Turkey’s October invasion of Syria forced the United States to withdraw from territory it de-facto controlled along the border and prompted the Syrian Democratic Forces (SDF) to reach a narrow, security-focused arrangement with the Syrian regime to return to a series of towns and territory in the northeast. The Turkish armed forces have separately reached an agreement with the United States and Russia for a safe-zone, spanning the territory between Tel Abyad and Ras al Ayn and extending down to the M4 highway. This Turkish zone fall far short of Ankara’s original plan to take control over the entirety of the northeast, but prompted the Syrian Kurds to invite the regime and the Russian Federation back to territory Damascus had abandoned in 2012.
At the edges of the Turkish zone, Ankara’s proxies have clashed directly with the Syrian Arab Army and the SDF. Ankara’s relative hands-off approach to these skirmishes suggests that Turkey is content with allowing its Arab proxies to clash with the regime in Ain Issa and Tel Tamr, but is not politically prepared to fight for control over these two towns. The clashes, however, have helped to solidify the narrow, security specific entente between the SDF and the Syrian regime.
Throughout the Syrian civil conflict, the SDF has, quite rightly, refused to sever its ties with Damascus, given the Syrian Kurds’ broader concerns about the Turkish sponsored anti-Assad opposition. However, it has also chosen to partner and host American and European military forces, a policy anathema to Bashar al Assad’s longer-term demand to take back control over the entire of the country, and to expel all uninvited foreign forces. The SDF has become dependent on foreign forces to protect its political project, which is premised on radical political decentralization and the maintenance of an armed group that operates outside the control of the Syrian Arab Army’s chain of command. Simply put: Assad is not going to accept the SDF proposals and, for now, the Syrian Kurds have not offered any compromises that threaten its own de-facto control over the northeast.
The Syrian regime has, for now, the luxury of choosing its battles. With Russia’s open-ended support, the regime can focus the brunt of its military power on Idlib. The “Turkey issue” is, for now, Russia’s to manage and to contain. After Idlib is retaken, the regime can work through Moscow to push for an outcome that is not detrimental Bashar’s interests, and includes a demand for foreign forces to leave the country. At this point in the conflict, the regime and its allies are certain to increase pressure on the SDF, so as to ensure that any effort to create parallel political and military structures is prevented.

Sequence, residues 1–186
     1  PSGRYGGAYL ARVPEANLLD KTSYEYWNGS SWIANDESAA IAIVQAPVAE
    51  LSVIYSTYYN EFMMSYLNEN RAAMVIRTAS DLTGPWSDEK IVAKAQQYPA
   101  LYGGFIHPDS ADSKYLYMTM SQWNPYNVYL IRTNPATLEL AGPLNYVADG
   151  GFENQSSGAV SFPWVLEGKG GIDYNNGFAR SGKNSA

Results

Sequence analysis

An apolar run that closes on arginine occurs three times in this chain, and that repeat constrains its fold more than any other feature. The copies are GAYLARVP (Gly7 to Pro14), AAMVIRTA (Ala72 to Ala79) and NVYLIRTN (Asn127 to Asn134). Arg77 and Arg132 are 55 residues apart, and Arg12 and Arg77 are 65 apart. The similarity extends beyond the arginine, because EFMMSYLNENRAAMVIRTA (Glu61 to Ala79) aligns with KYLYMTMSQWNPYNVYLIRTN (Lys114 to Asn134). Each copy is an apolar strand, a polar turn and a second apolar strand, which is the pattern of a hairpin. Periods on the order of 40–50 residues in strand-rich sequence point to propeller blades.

The American presence, now south of the M4 highway and in the isolated Al Tanf base in southeastern Syria, is unlikely to prevent this outcome. The United States has managed to slow and complicate a SDF-regime agreement over the future of the northeast, but the American presence is temporary and will eventually end. Projecting forward, the SDF will eventually have to grapple with a post-American Syria, and how a broken state, under Bashar’s control (with Moscow’s security guarantee) will use the threat of military force to coerce Kurdish acquiescence to regime rule. The United States could play a more constructive role, but to do so it would need to reach agreement with Russia about the future of Syria and the role of the Syrian Kurds within it. This approach would require iterative and open dialogue between the United States and Russia and would require Moscow be willing to make concessions to Washington, and vice versa.
Absent a U.S.—Russian agreement, the Syrian Kurds will have to grapple with a recalcitrant regime, determined to eliminate a separatist project. The United States could seek to level the playing field, if it chose to narrow its own goals in Syria, and work to ensure that Russia guarantees some security guarantees for the SDF. However, absent any broader, top-down U.S.—Russian agreement towards this end, the most likely outcome is that Damascus and Moscow will use coercion to force the SDF to yield to regime control. This does not necessarily mean that the regime wont make some minor concessions to the Kurds, but any such endeavor is almost certain to fall short of the core Kurdish demand for autonomous rule, and require the hard return of the regime to Syria’s northeast.
As the guarantor power for the Syrian state, Russia has a series of intractable problems it now has signed up to manage. While Russia may try to wash its hands of the Syrian civil war once the battle for Idlib ends and the conflict shifts towards an open-ended counter insurgency campaign, Moscow will still have to grapple with these complicated intra-Syrian challenges if it intends to secure regime control over the country. To manage this quixotic problem set, Russia, does have an interest in dialogue with Washington, but has not yet signaled it is willing to make the compromises necessary to actually find common ground with the United States. Beyond this, the Syrian regime and the Syrian Kurds have opposing political and military goals that will not be easily reconciled. Turkey has created a regime-Kurdish alliance of convenience, but once Ankara is removed from the equation, the basic tension between the Syrian regime and the SDF will re-emerge and conflict could ensue. As the regime’s guarantor, Moscow now has to grapple with these challenges, giving Washington an avenue to exploit if it has the political fortitude to take advantage of potential Russian over reach. A true pathway to end conflict requires all sides to compromise, but even after years of war, no side appears willing to engage in substantive talks to end the war.
Aaron Stein, USA, Director of the Middle East program at the Foreign Policy Research Institute.